• Honor Codes
  • Honorary societies - minutes, correspondence, reports, newsletters
  • Honors Papers
  • Housing – Guide to

I

  • Installation, Chancellor. Programs, speeches, event listings, articles, photographs, videos
  • Inventory of Fixed Assets

J

  • Judicial procedures for student conduct

 

K

  • Knowledge production - Copyright registration by UNCW and applications after expiration of copyright; Patent awards, applications, and notice of awards after expiration

L

  • Legal - selected agreements, consent decrees, memoranda of understanding, deeds of sale of university property, etc.
  • Legislation - Acts passed by NC General Assembly
  • Literary and art magazines
  • Long-Range Plans

M

  • Maps
  • Master Plans
  • Memorabilia, historical
  • Mission Statement

N

  • New Faculty and Staff - directories and profiles
  • News articles, editorials, and columns about UNCW from local, statewide, national, and international media organizations
  • News releases
  • Newsletters

O

  • On Campus Living – Guide to
  • Off Campus Living – Guide to
  • Oral Histories - Faculty, Students, Staff, Trustees (including retired)
  • Orientation Guides

P

  • Parents, Guide for
  • Performances - videos, photographs
  • Personnel records (faculty and staff) (selected, after a waiting period)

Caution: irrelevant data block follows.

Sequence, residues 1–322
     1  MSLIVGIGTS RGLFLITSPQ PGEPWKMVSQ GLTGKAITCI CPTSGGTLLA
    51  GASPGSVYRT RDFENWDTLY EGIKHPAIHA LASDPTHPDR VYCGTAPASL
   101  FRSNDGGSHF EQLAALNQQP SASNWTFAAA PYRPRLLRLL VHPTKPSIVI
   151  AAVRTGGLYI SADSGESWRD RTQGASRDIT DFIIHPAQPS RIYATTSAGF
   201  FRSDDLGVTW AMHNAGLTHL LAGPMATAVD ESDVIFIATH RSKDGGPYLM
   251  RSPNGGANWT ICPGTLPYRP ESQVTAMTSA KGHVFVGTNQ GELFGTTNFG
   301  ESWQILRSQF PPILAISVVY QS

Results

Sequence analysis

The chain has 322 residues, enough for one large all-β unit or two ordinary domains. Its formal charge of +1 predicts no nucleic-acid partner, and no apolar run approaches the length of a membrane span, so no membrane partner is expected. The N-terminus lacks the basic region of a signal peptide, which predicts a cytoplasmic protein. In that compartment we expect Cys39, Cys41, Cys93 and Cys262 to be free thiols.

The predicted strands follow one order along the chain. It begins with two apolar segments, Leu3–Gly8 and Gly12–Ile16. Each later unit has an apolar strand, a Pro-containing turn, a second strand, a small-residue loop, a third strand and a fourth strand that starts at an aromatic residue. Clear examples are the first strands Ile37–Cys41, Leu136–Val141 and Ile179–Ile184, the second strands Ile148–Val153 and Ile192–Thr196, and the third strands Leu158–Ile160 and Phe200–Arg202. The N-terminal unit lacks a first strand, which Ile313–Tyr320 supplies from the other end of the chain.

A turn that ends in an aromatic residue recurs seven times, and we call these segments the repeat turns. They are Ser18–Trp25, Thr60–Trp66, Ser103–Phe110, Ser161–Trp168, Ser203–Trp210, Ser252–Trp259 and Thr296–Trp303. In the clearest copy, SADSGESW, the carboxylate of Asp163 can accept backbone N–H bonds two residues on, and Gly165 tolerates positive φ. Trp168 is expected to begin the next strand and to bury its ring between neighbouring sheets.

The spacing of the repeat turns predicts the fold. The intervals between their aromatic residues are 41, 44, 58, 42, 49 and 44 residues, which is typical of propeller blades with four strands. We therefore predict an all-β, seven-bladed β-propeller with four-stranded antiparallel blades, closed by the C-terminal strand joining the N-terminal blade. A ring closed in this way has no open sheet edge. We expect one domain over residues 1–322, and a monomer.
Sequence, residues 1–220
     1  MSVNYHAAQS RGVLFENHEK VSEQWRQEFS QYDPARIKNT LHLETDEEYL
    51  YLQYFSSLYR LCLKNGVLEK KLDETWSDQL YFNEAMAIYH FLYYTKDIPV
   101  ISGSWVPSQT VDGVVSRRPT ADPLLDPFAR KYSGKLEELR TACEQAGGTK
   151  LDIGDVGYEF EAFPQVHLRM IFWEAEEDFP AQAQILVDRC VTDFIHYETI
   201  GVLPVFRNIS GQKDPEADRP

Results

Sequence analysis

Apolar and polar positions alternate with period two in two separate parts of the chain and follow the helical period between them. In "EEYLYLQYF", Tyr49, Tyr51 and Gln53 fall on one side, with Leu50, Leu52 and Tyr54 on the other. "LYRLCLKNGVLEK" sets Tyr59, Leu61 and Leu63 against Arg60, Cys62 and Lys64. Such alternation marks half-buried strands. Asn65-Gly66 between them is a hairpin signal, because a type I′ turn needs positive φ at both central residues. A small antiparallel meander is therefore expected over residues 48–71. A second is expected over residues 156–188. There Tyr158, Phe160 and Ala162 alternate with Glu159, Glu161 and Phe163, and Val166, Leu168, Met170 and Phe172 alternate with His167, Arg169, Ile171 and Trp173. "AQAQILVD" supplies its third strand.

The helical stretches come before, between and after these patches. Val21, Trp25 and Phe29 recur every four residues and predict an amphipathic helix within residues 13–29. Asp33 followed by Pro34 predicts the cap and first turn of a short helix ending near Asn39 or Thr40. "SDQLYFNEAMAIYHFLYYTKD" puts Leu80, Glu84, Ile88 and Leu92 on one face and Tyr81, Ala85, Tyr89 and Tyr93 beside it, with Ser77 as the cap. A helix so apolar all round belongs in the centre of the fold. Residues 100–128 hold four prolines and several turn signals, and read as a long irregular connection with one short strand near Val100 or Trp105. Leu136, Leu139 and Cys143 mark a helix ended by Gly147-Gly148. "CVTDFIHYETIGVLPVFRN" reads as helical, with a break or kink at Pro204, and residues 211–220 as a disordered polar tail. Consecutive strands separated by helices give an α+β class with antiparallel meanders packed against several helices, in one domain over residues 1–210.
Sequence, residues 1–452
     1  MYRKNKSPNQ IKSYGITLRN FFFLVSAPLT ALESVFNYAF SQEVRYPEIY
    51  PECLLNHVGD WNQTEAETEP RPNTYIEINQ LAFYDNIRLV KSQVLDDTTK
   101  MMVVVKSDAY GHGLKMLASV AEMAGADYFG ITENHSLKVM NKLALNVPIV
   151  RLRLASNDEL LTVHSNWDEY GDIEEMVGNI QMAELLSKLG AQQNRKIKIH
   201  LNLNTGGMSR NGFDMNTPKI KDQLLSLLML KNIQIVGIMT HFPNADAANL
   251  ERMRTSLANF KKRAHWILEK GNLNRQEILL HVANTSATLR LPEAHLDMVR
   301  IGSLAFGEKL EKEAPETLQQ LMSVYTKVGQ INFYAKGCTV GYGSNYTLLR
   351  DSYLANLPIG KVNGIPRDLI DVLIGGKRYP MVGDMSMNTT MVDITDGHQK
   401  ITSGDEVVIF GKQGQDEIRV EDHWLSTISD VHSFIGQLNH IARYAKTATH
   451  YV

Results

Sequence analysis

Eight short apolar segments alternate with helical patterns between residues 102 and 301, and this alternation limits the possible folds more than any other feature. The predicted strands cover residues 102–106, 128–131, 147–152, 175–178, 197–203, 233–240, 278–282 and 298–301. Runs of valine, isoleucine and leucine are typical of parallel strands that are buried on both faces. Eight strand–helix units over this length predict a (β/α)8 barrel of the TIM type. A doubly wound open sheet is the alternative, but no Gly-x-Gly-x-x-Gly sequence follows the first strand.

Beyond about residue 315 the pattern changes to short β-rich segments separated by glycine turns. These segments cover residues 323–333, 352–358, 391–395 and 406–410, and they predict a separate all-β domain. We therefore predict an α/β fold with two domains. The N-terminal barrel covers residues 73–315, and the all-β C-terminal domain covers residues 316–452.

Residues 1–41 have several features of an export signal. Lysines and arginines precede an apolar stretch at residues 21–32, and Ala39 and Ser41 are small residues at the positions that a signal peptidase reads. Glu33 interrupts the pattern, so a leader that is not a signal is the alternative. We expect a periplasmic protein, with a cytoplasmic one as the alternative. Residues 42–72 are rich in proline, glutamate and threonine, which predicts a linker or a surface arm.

• Photographs (University Relations)
  • Planning, Univearsity - correspondence, reports, statistics
  • Policies and Procedures – UNCW
  • Progress Measures Reports
  • Programs - Kenan Auditorium, Department of Music, Department of Theatre, Department of Art
  • Proposals to Establish New Degree Programs
  • Publications, Campus

Q

  • Quality Enhancement Plan
  • Questionnaires - Summary reports and conclusions from student, staff, and faculty surveys

R

  • Razor Walker Awards programs - Watson College of Education
  • Reports prepared for Board of Governors or UNC System President (i.e. UNC Tomorrow)
  • Research / faculty scholarship / student scholarship / creative works by faculty and students (collecting in these areas is coordinated by library with participation of Archives)

S

  • Salary increases and compensation for faculty faculty-reports
  • Scholarships - announcements, names of recipients, acknowledgments of gifts, photographs
  • Scrapbooks
  • Senior Sankofa programs and vidoes - Upperman Center
  • Service Awards luncheons programs and videos
  • Service Learning - eTEAL courses, programs, mission, reports, studies
  • Speeches by chancellor, provost, and senior staff
  • Staff Senate-minutes, announcements, motions, correspondence, reports and committee minutes, reports, etc.
  • Strategic Plans
  • Student Government Association-minutes, announcements, motions, correspondence, reports and committees minutes, announcements, motions, correspondence, reports, charge, accomplishments
  • Student Organization Directories for registered student organizations
  • Student Services - programs, photographs, reports, policies
  • Study Abroad - programs, reports, brochures, posters, photographs
  • Summer School - catalogs, course listings, publications, publicity, special events
  • Synergy – first-year student common read book is collected annually

T